"Our adversaries are investing in tomorrow today, unconstrained by a continuing resolution and singularly focused on shifting the current balance of power," Ryan McCarthy, the recently-minted secretary of the Army, told attendees of the Association of the US Army's (AUSA) annual conference in Austin, Texas, earlier this week.
The Pentagon has eyed Russia and China as “malign actors” since early 2018, when the US military refocused its efforts on “great power competition” with the two nuclear powers and away from the War on Terror, its primary focus up to that point in the century.
In order to keep up with military advancements of other global powers, the US Army announced Wednesday that they would also be “investing in the future” and published a 12-page, public document entitled “2019 Army Modernization Strategy.” According to Breaking Defense, a 250-page “Army-only” copy that went further in depth was also released.
The document describes the Army’s plans to go through four different phases over the next several years to transform the branch’s integrated Joint Force into a “modernized Army capable of conducting Multi-Domain Operations (MDO)” in at least a single area of warfare by 2028 and in numerous theaters, come 2035.
The first phase, which began October 1 - the beginning of Fiscal Year 2020 - and extends through Fiscal Year 2022, involves the “initial field training” of its 34 primary programs. Breaking Defense reported that while the Army listed 31 programs as “top priority” in its 2020 budget, they have since included the three programs from the Rapid Capabilities and Critical Technologies Office that deal with the military fields of directed energy, space and hypersonic weapons.
By 2022, the Army hopes to have refined “elements of the MDO concept” and identified potential issues that would keep the branch from achieving its goal of having an “MDO ready force” in 16 years. The branch will then, from FY 2023 through FY 2025, use knowledge gained in the first phase to create an improved framework while also incorporating modernized equipment necessary for MDO.
“The Army will also shift its training paradigm to meld sophisticated live, virtual, and synthetic environments,” according to the release, which implies the branch will have vetted and approved augmented reality systems for military use by this time period. Army soldiers are currently testing the usability of the Integrated Visual Augmentation System headset and other similar tech.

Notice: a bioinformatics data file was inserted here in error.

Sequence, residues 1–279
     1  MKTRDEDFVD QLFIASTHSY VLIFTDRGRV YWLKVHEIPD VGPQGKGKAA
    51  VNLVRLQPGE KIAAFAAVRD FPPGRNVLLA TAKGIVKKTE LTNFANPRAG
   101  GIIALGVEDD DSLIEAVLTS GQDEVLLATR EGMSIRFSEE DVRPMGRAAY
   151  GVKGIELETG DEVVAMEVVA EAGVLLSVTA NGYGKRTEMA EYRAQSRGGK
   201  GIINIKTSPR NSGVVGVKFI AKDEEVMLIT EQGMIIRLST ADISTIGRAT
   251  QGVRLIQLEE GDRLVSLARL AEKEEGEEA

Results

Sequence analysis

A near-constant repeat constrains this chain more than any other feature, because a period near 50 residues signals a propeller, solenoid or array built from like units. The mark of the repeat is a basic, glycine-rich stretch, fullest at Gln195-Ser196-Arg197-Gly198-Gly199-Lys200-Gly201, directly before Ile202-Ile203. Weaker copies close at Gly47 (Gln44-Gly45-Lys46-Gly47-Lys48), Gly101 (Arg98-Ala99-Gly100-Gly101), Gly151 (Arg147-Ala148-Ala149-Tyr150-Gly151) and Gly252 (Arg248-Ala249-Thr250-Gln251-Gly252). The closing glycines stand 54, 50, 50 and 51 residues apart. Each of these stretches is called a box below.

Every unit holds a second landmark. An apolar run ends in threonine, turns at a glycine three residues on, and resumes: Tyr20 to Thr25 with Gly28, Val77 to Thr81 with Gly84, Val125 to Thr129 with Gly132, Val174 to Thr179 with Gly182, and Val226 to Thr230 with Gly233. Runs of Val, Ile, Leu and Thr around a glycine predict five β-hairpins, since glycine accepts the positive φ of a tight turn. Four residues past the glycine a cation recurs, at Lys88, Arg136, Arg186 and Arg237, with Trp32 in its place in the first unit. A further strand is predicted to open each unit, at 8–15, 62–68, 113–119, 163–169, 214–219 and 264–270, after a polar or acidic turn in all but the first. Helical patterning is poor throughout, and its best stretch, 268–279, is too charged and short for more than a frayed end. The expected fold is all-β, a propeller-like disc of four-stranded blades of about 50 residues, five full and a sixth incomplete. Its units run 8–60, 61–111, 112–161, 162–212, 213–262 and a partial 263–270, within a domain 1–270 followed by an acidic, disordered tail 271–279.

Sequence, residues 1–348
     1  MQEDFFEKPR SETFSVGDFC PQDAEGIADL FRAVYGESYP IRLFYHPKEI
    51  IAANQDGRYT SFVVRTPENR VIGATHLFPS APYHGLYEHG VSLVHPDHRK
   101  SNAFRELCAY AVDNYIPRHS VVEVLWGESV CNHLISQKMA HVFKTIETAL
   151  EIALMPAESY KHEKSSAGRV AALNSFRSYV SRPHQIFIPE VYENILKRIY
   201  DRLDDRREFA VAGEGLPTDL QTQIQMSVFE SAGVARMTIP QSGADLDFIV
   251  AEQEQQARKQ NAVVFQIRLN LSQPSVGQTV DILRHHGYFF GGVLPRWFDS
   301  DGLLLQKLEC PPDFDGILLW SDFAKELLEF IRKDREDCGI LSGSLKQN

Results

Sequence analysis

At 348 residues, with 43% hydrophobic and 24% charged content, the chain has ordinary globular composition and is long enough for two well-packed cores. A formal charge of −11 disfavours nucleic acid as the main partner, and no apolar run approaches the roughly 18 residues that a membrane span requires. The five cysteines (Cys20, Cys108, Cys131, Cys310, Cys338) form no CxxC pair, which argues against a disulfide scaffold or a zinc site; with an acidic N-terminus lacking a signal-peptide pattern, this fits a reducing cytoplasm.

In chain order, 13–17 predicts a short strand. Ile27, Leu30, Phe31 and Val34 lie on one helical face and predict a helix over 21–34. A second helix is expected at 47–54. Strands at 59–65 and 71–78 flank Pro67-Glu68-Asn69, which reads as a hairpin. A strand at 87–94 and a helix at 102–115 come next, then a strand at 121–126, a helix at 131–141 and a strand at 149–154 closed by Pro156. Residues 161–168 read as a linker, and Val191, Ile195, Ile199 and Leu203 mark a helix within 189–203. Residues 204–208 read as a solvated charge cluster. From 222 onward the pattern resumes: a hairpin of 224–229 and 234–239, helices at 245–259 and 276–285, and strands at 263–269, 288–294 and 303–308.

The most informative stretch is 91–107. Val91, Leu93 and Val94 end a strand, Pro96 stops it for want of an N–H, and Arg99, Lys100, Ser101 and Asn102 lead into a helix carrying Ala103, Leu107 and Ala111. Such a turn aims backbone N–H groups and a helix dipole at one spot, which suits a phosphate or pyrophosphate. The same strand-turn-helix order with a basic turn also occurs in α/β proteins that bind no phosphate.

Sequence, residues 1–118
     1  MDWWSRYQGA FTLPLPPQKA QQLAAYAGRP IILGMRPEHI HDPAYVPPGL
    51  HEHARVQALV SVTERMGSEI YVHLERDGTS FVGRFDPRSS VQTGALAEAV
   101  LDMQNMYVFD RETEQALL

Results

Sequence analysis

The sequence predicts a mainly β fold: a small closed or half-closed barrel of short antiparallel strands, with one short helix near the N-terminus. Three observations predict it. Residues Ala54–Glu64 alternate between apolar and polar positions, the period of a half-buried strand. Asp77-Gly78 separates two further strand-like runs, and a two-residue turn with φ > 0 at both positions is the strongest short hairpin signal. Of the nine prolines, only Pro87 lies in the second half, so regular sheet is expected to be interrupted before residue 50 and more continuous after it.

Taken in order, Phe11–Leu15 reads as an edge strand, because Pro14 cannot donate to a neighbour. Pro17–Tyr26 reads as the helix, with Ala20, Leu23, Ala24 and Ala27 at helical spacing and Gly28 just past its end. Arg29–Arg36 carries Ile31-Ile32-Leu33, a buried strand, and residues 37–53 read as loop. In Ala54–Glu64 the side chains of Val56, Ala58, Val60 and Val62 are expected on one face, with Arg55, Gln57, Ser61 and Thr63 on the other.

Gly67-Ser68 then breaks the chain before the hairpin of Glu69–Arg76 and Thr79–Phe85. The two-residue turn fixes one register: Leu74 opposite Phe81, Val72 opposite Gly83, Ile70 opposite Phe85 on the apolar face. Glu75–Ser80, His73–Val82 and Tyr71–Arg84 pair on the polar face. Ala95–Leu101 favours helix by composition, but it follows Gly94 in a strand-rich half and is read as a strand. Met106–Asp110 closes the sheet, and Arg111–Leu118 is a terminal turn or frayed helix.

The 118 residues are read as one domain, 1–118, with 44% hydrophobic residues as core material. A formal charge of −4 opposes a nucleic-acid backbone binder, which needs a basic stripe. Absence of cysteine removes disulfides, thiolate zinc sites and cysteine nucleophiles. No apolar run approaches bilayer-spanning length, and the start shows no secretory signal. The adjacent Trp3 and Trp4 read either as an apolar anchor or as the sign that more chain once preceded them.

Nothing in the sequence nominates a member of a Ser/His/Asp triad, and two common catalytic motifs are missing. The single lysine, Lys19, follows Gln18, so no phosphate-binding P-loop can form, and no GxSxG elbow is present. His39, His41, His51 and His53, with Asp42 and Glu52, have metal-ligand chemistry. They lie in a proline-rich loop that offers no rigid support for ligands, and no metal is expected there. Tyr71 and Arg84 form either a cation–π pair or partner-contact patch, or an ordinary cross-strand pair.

The final two phases of the Army’s strategy appear to focus primarily on countering the developments of China and Russia while echoing McCarthy’s September 27 warning to his force that the Army “must modernize today or we could lose the next war.”
Fiscal years 2026 through 2028 mark the third phase, in which the US will set its sights on Russia, which it deems to be the Army’s “current ‘pacing threat’” and “most capable nuclear-armed threat in the near term.” By this period, the Army hopes to have wrapped up tests and launched production of its Optionally Manned Fighting Vehicle, which will replace the M2 Bradley, and the Future Attack Reconnaissance Aircraft, which will replace a slew of helicopters currently in use.
The fourth and final phase, which runs from FY 2029 through 2035, entails “aggressive training, testing, and analysis [that] will validate MDO doctrine and ensure continued seamless integration of capabilities.” Additionally, this will be the timeframe in which “the Army will finish certifying the next force package” - hinting at naval optimization. In providing support to US Navy forces, the Army will have to operate land-based weaponry, such as the strategic, long-range cannon, which is slated to enter the demonstration phase in 2023 and expected to have a range of up to 1,000 nautical miles (1,150 miles or 1,850 kilometers), utilizing long-range missiles.
McCarthy told AUSA conference attendees that in an effort to maintain a commitment to the strategy, the Army has already shifted approximately $10 billion to a modernization budget that will be dispensed over the next five years.
According to the Army’s public release, the branch will not only be committing to modernization over the next 16 years, but will continue its efforts past 2035, “as we must continue to test and refine operating concepts, draw on emerging technologies, and anticipate changes in the operating environment.”